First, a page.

Northern Arizona University’s David Van Ness teaches his students a fascinating art form that marries creativity to the computer.
Van Ness, coordinator of foundations in the School of Art, uses 3-D printing to make three-dimensional solid objects from a digital model. The process involves laying down successive layers of material—such as plastic—to create an object.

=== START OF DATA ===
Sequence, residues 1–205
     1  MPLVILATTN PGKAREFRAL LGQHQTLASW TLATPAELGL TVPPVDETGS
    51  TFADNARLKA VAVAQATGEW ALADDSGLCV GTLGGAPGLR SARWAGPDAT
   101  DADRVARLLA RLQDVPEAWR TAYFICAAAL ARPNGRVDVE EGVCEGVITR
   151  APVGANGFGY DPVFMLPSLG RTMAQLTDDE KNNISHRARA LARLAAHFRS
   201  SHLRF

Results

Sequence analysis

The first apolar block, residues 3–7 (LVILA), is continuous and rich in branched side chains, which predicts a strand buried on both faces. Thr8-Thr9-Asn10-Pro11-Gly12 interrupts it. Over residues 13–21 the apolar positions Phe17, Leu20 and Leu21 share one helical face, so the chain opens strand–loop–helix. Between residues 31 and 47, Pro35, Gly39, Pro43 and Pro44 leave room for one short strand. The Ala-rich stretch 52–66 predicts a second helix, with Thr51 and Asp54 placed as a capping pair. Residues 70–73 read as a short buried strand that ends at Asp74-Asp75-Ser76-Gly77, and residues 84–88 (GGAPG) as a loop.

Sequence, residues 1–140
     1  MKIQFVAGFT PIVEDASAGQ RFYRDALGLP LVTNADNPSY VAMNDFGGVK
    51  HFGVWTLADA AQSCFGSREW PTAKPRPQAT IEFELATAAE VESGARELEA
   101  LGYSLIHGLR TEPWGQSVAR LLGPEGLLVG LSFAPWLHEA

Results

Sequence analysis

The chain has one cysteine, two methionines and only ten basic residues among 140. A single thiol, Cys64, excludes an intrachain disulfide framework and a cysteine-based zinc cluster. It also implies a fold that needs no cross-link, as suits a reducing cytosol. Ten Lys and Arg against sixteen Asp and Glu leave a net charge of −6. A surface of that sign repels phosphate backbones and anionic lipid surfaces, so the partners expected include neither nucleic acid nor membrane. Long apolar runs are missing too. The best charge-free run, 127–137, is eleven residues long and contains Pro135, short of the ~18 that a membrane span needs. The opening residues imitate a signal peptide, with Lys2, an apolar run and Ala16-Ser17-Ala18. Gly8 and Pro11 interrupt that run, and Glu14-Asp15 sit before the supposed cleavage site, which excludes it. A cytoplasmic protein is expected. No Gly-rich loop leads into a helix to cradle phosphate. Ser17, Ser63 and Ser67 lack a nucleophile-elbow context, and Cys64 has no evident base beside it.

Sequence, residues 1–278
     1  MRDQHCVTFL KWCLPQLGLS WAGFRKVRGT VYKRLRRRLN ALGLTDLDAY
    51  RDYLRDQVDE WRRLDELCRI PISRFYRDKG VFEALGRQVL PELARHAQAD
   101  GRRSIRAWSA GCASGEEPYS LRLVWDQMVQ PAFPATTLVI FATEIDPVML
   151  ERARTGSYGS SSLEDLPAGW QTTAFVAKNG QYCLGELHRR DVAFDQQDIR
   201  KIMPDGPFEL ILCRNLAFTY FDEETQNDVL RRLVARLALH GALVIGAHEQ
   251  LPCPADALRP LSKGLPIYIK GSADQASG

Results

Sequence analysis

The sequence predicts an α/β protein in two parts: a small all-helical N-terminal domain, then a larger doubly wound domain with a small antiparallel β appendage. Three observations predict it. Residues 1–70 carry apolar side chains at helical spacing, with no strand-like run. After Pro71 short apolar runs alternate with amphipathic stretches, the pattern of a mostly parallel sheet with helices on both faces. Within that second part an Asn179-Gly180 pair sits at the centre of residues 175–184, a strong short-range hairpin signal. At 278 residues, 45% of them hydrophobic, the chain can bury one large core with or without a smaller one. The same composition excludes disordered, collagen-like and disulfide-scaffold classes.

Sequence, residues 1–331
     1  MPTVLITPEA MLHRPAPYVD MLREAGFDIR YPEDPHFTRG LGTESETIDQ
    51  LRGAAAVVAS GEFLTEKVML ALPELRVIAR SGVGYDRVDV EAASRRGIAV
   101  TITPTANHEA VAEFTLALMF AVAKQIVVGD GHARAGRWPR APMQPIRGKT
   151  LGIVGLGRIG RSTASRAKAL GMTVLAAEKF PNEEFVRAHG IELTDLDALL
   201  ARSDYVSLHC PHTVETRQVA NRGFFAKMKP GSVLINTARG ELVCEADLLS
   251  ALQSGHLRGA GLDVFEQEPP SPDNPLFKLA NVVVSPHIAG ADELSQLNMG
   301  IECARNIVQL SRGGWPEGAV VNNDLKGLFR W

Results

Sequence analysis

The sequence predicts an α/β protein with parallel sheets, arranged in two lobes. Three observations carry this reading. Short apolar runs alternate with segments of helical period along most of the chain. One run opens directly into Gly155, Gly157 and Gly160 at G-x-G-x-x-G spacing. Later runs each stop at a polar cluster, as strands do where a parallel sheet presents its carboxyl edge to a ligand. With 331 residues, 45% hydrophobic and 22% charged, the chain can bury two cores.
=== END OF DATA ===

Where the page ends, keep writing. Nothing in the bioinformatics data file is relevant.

Printers that conduct additive manufacturing were invented around 30 years ago and have been used to create engineering, architectural, medical and constructive models. Just over a decade ago, the technology’s application on the art world started being explored.
Thanks to a recent grant from the NAU Parent Leadership Council, Van Ness was able to purchase a 3-D printer for the School of Art to begin using in beginning-level design courses this fall.